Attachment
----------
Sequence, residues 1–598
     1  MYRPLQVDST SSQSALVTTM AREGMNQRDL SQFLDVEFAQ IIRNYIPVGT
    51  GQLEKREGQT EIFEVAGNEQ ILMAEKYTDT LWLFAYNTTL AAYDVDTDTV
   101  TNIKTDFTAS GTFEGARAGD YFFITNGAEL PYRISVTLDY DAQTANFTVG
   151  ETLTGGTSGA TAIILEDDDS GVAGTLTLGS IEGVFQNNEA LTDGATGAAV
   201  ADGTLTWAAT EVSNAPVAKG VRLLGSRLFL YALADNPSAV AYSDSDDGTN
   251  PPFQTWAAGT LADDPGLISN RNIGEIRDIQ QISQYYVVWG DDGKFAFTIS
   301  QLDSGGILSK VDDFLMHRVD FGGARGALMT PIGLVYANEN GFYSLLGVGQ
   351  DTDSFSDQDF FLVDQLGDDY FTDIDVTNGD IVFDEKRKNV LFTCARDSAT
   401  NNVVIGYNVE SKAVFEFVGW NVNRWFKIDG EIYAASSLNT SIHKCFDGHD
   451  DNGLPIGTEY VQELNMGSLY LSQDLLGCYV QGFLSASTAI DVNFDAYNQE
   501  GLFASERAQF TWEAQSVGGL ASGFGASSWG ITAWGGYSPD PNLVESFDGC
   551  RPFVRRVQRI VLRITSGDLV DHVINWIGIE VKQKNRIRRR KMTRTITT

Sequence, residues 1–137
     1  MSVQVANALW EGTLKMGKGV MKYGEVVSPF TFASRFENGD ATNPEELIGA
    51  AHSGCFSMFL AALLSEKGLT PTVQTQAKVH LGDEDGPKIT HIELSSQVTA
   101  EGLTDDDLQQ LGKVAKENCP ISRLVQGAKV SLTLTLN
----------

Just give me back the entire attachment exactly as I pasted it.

Sequence, residues 1–598
     1  MYRPLQVDST SSQSALVTTM AREGMNQRDL SQFLDVEFAQ IIRNYIPVGT
    51  GQLEKREGQT EIFEVAGNEQ ILMAEKYTDT LWLFAYNTTL AAYDVDTDTV
   101  TNIKTDFTAS GTFEGARAGD YFFITNGAEL PYRISVTLDY DAQTANFTVG
   151  ETLTGGTSGA TAIILEDDDS GVAGTLTLGS IEGVFQNNEA LTDGATGAAV
   201  ADGTLTWAAT EVSNAPVAKG VRLLGSRLFL YALADNPSAV AYSDSDDGTN
   251  PPFQTWAAGT LADDPGLISN RNIGEIRDIQ QISQYYVVWG DDGKFAFTIS
   301  QLDSGGILSK VDDFLMHRVD FGGARGALMT PIGLVYANEN GFYSLLGVGQ
   351  DTDSFSDQDF FLVDQLGDDY FTDIDVTNGD IVFDEKRKNV LFTCARDSAT
   401  NNVVIGYNVE SKAVFEFVGW NVNRWFKIDG EIYAASSLNT SIHKCFDGHD
   451  DNGLPIGTEY VQELNMGSLY LSQDLLGCYV QGFLSASTAI DVNFDAYNQE
   501  GLFASERAQF TWEAQSVGGL ASGFGASSWG ITAWGGYSPD PNLVESFDGC
   551  RPFVRRVQRI VLRITSGDLV DHVINWIGIE VKQKNRIRRR KMTRTITT

Sequence, residues 1–137
     1  MSVQVANALW EGTLKMGKGV MKYGEVVSPF TFASRFENGD ATNPEELIGA
    51  AHSGCFSMFL AALLSEKGLT PTVQTQAKVH LGDEDGPKIT HIELSSQVTA
   101  EGLTDDDLQQ LGKVAKENCP ISRLVQGAKV SLTLTLN